Hakkahan

The Man From Hakka Comes To The 'Batter

What’s the story?

Every now and then a new restaurant opens with no website, and no information (like pesky menus and openings hours) on their social media channels, and generally this is when our eagle-eyed readers slide into our DMs looking for the scéal. This is what happened in June when brightly coloured Hakkahan opened on Stoneybatter's main street, and other than a menu in the window potential diners had little to go off, but those brave enough to venture in sight unseen seemed to be leaving very happy.



Hakkahan means "the man from Hakka" (where owner Ryon Wen is from), but head chef Terry Yang is from the Sichaun province, and they describe the food here as "purely Sichuan". This may be disappointing to anyone who knows their way around Chinese cuisines and who was expecting traditional Hakka dishes like salt-baked chicken or yam abacus - they say it's extremely difficult to find a chef from the region in Ireland. Yang previously worked at China Sichuan and Mak at D6, and we were immediately impressed by their declaration of wanting to use the best local ingredients in their dishes.


Where should we sit? Indoor tables are aligned against one wall, but there is more space at the back that presumably could be filled if things get busier. If you're still a bit Covid-cautious the outdoor tables are fine with the umbrellas up (they come down in windy conditions), although it does feel a bit treacherous to have your back to the traffic whipping up and down the road. You certainly wouldn't want to leave your bag at your feet - but that goes for all outdoor dining.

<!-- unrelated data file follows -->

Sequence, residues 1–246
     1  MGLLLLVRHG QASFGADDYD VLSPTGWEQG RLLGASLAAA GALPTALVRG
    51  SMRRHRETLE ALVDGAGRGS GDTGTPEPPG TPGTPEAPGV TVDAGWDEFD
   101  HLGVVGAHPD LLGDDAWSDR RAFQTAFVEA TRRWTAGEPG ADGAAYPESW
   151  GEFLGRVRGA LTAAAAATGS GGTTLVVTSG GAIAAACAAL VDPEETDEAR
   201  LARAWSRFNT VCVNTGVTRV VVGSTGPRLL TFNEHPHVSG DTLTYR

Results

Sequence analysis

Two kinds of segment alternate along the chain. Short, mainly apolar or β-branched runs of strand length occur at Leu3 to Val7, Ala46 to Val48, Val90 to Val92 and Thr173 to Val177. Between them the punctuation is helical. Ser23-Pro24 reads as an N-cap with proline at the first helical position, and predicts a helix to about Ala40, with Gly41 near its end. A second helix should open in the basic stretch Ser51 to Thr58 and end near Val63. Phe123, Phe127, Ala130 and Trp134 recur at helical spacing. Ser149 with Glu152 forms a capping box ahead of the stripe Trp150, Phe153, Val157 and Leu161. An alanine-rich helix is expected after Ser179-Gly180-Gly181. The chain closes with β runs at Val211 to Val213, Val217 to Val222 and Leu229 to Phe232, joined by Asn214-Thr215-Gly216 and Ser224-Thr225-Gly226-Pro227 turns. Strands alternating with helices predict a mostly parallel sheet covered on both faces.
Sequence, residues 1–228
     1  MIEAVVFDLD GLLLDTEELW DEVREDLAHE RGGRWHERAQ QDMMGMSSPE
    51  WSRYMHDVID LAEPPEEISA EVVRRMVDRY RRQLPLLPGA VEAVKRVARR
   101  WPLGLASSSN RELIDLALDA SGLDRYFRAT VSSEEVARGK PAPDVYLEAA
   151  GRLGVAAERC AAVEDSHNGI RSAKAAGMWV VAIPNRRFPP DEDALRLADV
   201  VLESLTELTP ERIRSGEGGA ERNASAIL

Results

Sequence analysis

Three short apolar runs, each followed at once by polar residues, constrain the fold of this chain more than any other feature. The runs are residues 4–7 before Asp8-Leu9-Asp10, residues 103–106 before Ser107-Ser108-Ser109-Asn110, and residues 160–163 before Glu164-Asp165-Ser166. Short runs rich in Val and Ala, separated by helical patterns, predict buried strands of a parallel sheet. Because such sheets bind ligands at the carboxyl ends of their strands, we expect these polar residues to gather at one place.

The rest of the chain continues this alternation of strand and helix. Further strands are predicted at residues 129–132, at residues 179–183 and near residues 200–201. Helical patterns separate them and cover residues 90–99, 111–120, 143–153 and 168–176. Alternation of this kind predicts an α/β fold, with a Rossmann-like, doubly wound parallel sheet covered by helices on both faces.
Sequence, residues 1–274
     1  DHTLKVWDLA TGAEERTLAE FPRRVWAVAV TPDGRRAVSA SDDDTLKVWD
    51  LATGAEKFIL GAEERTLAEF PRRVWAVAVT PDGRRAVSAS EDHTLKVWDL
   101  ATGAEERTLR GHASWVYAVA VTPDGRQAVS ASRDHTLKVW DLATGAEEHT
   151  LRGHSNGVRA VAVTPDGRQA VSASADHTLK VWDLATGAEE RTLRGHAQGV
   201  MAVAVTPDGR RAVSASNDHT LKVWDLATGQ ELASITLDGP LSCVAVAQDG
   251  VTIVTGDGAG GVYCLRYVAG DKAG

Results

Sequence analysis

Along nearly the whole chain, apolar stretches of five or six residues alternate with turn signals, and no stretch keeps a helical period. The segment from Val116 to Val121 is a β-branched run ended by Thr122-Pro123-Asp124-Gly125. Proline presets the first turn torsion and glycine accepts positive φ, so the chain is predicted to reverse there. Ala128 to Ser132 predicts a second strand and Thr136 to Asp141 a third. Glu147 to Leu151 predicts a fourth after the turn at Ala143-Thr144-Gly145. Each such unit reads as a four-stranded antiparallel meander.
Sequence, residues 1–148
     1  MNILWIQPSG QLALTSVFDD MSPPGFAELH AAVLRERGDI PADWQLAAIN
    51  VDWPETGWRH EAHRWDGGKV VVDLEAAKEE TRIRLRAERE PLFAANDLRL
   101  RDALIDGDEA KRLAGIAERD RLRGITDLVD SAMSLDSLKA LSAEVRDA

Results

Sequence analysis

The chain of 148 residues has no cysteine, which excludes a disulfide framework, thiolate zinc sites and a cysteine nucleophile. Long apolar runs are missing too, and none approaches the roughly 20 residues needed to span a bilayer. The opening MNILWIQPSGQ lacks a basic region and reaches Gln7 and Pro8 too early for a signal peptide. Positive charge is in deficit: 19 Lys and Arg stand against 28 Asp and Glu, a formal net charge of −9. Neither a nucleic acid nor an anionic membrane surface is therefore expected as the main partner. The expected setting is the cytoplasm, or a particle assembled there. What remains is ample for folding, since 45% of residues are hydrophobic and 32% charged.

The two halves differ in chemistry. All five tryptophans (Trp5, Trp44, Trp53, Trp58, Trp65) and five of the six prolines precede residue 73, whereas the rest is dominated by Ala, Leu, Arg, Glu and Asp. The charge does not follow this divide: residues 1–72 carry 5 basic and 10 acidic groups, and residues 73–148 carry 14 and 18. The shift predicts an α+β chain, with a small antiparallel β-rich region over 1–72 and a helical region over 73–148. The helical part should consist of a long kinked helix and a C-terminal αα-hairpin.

What's the food like?

Menus with too many dishes make us feel confused, indecisive, and like we're missing out on something, so we like Hakkahan's relatively concise menu, with 'house dumplings', 'small chow', mains and sides. Also, they had us at the whole section for dumplings. There's not much provenance information on the menu but they told us that duck is from Silverhill, chicken is free-range from Manor Farm, meats are from FX Buckley, and fresh fish is delivered each morning from Every Day Seafood. Most of their organic vegetables come from The Green Grocer next door, and at these prices, putting this much care into sourcing deserves a bualadh bos.



Of the six dumplings on the menu we tried three, and 100% would eat again. The scallop with yuzu soya sauce gained points for having proper juicy pieces of scallop in there, and lost points for having an ever so slightly slimy texture inside. The wrappers are thick but we didn't mind, it gave them more of a chew, and we liked the uneven, handmade quality of them.



We enjoyed the roast duck with hoisin sauce a lot (a crispy pancake in dumpling form), but our favourites were the beef siu mai, which were crispy and chewy in every bite - we're guessing some deep-frying may have been involved here, and wouldn't change a thing.


From the small chow we're still obsessively thinking about the salt and pepper fresh squid (note the used of the word fresh). Tender squid, a perfectly thin non-greasy batter, crunchy onions, scallions, chillies - it's the version of this dish you wish your local Chinese did, but they don't.



Sourdough prawn toast was another exemplary version of an all too often annihilated dish, with big chunks of prawns, crispy edges and yuzu mayonnaise for dipping.



Pork yuk sung is another dish that's all too often given a bad name by a greasy Chinese, but the one at Hakkahan is a world away, with fresh lettuce cups, fragrant pork and crispy rice noodles underneath. It has a decent amount of heat but nothing that will blow your head off, but we did find ours quite salty.